South Mission Road from 860 feet south of Pepper Tree Lane to Green Canyon Road is a segment of 2.05 miles, but the road has different characteristics.
The speed limit for the entire segment is 50 mph and that speed limit can be enforced by radar, but the county’s Traffic Advisory Committee has called for speed studies on separate segments before any recommendation is made to recertify a speed limit for radar enforcement.
“They’d rather look at it as two one-mile-long segments,” said TAC secretary Kenton Jones.
The lack of a recommendation at the March 10 TAC meeting could allow for different speed limits for the separate segments. In order for a speed limit to be enforceable by radar, a speed survey must show that the speed limit is within an adjacent 5 mph increment to the 85th percentile speed.
Periodic recertification, including a supporting speed survey, is required for continued radar enforcement and the county’s Department of Public Works or a DPW contractor typically conducts speed surveys every seven years. The speed limit may be rounded either up or down from the 85th percentile speed. The speed limit may also be rounded down an additional 5 mph if findings are made that the road has conditions which would not be apparent to a motorist unfamiliar with the road.
South Mission Road is a striped four-lane roadway with a raised planted median between 860 feet south of Pepper Tree Lane and Winter Haven Road and is primarily a striped two-lane roadway, including three segments with a two-way left turn lane, between Winter Haven Road and Green Canyon Road.
Bicycle lanes are along both sides of the road. South Mission Road is classified as a Major Road in the Mobility Element of the county’s general plan. Fallbrook High School and Ivy High School are on the east side of the road between Stage Coach Lane and Winter Haven Road, which creates a 25 mph speed zone when children are present.
The TAC felt that the different road characteristics north of Winter Haven Road and south of Winter Haven Road merited possible separate speed limits. The TAC seeks to avoid short speed limit segments (other than school zones or other automatic speed limit zones), but the approximate one-mile length of each segment allows for the possibility of different speed limits. “They’re long enough,” Jones said.
An April 2016 traffic survey at Green Canyon Road revealed a two-way average daily volume of 21,532 vehicles on Mission Road. The San Diego County Board of Supervisors placed that intersection on the county’s Traffic Signal Priority List in January and volume warrants were based on an October 2014 traffic survey indicating an average daily volume of 21,960 vehicles approaching that three-way intersection including 20,800 along Mission Road as well as 1,160 westbound vehicles on Green Canyon Road.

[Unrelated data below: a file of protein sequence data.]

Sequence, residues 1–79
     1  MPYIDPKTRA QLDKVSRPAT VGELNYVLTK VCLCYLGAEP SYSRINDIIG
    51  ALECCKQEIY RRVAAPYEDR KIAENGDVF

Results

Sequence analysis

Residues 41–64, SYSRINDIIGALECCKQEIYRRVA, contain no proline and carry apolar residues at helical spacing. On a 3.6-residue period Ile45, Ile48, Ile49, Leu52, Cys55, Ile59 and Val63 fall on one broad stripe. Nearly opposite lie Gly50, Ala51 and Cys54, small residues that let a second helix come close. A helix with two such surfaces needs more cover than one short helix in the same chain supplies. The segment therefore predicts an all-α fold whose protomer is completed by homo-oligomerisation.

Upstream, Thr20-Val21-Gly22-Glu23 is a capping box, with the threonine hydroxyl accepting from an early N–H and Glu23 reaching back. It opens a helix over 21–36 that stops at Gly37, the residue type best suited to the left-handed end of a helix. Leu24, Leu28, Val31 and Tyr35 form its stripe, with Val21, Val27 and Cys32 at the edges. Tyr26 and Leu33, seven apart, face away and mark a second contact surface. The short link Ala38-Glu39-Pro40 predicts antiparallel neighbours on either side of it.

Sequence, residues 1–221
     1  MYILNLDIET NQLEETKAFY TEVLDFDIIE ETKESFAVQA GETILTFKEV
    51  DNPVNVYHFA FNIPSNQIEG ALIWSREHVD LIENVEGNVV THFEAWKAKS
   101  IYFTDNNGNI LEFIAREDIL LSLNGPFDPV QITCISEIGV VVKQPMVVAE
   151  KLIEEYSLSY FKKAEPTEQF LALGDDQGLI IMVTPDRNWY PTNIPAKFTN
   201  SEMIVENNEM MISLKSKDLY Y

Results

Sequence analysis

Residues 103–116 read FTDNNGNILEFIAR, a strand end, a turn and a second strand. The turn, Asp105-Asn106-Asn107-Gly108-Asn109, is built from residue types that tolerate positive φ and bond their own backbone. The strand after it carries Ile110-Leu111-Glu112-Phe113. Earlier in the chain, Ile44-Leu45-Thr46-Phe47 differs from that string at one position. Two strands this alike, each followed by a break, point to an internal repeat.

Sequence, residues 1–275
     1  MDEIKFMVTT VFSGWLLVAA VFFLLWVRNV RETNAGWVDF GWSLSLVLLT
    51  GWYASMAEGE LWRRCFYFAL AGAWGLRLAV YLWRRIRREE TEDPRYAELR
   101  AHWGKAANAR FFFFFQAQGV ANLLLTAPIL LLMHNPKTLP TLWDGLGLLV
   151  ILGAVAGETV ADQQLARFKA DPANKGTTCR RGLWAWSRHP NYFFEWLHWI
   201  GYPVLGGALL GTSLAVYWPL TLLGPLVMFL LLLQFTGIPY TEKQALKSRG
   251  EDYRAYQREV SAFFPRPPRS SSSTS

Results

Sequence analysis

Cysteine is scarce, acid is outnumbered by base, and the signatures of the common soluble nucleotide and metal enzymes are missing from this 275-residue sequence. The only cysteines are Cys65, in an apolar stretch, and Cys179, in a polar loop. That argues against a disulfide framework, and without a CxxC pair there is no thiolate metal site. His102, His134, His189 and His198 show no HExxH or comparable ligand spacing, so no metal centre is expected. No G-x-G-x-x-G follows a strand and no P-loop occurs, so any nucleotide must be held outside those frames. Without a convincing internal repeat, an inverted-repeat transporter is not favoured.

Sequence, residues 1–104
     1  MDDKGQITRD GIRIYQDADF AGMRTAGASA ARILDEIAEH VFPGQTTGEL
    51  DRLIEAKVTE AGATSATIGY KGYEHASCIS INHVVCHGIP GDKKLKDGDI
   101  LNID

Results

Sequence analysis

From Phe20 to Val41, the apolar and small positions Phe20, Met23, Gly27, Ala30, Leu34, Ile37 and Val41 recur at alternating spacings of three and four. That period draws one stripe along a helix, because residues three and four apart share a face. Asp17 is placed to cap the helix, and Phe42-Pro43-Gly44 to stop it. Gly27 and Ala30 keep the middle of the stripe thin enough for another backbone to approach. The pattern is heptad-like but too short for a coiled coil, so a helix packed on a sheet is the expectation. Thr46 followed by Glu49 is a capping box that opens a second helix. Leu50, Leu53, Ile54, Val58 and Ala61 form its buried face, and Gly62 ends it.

A January 2009 traffic survey of Mission Road at Green Canyon Road revealed an average daily volume of 19,300 vehicles. During the 62-month period between Jan. 1, 2011, and Feb. 29, 2016, 80 vehicle collisions were reported on the 2.05-mile segment including 37 which involved injury and one with a fatality.
In 2010 a speed survey 1,900 feet north of Green Canyon Road indicated an 85th percentile speed of 60 mph with 57.4 percent of the drivers traveling within a 10 mph pace of 47-56 mph and a speed survey 1,630 feet south of Pepper Tree Lane resulted in an 85th percentile of 47 mph with 87.4 percent of the drivers within a pace of 40-49 mph.
The speed limit south of Green Canyon Road is 50 mph, and in 2010 the TAC suggested a 50 mph speed limit for the entire segment to provide consistency rather than a 60 mph segment between two 50 mph segments.
The 2016 speed survey utilized a Jan. 8 survey 300 feet north of Sterling Bridge and April 21 surveys 1,900 feet north of Green Canyon Road and at the northern end of the speed zone 860 feet south of Pepper Tree Lane.
The speed survey 300 feet north of Sterling Bridge was taken between 9:15 a.m. and 11:15 a.m. and produced an 85th percentile of 54.0 mph with 88.0 percent of the 201 drivers within a 45-54 mph pace.
The most frequent speed was 48 mph with 26 drivers while 25 motorists apiece crossed the speed survey point at 49 mph and 51 mph and 23 vehicles were traveling at 50 mph. The fastest drivers were one apiece at 62 mph, 60 mph, and 59 mph while the slowest motorist was driving at 43 mph.
The speed survey 860 feet south of Pepper Tree Lane was taken between 9:40 a.m. and 11:40 a.m. and measured 406 vehicles with an 85th percentile speed of 53.8 mph and 85 percent of the drivers within a 46-55 mph pace. The most common speeds were 50 mph with 46 motorists, 51 mph with 45 drivers, and 49 mph with 44 vehicles. A driver at 63 mph was the fastest motorist and the slowest vehicle was traveling at 43 mph.
The speed survey 1,900 feet north of Green Canyon Road was also
conducted between 9:40 a.m. and 11:40 a.m. The 177 vehicles had an 85th percentile speed of 56 mph with 82 percent of drivers within a 46-55 mph pace. The 23 motorists at 50 mph made that the most common speed followed by 20 vehicles at 51 mph and 18 drivers at 53 mph. One motorist at 63 mph was the fastest while the two slowest vehicles traveled at 44 mph.
The next TAC meeting is scheduled for April 28. “If the data’s ready it will be at the very next one,” Jones said.
If the TAC does not have the appropriate data in time for the April 28 meeting, the speed limit review will occur at a future TAC meeting.